– What’s worse, after time in the wrong sort of company, we tend to develop learned helplessness: every reluctance we once had to be alone grows worse, even as we acquire more experience of what bad company actually means. In our comfortable but deadening captivity, the wild appears more terrifying still: we can’t now imagine ever knowing how to change the dishwasher fluid alone, walking into a party by ourselves or taking the initiative to send our nephews birthday presents, so used have we become to using the other to compensate for our weaknesses. We experience none of the bracing, but also educative pressures visited upon the single, who have no choice but to overcome their inhibitions: those brave souls who, battling against their temperaments and histories, have to learn how to garden, deal with the council, go on holidays in the mountains, endure empty weekends, call up their mother or cook a chicken – and thereby achieve the resilient competence upon which true social discrimination and liberty rest.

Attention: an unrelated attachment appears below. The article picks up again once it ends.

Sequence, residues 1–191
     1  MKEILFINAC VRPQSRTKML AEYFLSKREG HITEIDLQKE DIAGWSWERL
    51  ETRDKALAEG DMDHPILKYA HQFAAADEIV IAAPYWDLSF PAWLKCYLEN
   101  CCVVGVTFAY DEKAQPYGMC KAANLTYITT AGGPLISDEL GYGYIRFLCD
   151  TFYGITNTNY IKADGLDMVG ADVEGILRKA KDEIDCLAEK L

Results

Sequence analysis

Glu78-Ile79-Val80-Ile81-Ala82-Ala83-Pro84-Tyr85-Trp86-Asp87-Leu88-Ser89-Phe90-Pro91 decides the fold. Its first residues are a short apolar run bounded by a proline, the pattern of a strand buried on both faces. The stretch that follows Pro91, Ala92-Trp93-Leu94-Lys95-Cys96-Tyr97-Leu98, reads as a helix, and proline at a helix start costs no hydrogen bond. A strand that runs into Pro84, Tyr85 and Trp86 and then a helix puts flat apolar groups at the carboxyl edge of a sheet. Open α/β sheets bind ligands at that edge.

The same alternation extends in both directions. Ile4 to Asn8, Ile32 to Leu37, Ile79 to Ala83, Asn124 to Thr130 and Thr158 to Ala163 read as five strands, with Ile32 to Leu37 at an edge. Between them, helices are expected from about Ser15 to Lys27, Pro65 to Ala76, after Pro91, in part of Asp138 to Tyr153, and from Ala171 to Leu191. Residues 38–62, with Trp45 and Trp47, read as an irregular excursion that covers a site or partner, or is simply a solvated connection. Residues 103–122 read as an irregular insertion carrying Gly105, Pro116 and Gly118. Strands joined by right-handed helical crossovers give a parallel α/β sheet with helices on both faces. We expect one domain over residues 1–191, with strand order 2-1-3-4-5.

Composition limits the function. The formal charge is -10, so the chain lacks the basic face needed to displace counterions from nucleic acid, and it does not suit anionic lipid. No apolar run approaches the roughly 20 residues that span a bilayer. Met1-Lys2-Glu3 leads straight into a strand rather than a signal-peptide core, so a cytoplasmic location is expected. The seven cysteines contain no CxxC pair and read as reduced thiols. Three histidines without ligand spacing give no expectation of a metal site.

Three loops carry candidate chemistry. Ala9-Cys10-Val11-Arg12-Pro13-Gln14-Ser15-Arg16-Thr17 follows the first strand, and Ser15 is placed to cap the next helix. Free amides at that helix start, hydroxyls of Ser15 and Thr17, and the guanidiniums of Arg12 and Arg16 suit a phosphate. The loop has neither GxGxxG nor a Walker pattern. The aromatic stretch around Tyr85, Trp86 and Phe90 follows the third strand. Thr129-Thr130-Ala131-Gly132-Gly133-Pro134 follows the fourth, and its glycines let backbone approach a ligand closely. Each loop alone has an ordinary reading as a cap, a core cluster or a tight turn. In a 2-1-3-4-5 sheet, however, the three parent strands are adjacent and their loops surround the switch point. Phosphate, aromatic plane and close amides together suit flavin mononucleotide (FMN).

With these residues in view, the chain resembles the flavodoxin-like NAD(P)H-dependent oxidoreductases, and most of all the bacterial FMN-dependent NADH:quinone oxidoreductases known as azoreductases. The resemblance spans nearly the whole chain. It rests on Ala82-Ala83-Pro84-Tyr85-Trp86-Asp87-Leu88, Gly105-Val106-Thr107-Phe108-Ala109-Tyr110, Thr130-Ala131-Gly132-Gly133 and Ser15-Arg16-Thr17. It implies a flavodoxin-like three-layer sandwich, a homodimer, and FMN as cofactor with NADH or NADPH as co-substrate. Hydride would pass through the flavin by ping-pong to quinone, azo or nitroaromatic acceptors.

– For those who have too lightly signed away their freedoms, there are sure to be constant, and searing, reminders of what they have foregone. Every party and every walk down a busy street will provide evidence of what might have been, all those potentially fascinating or charming members of humanity they have now forever been disbarred from getting to know – because they were so unnaturally scared of having a bed to themselves for a few more years.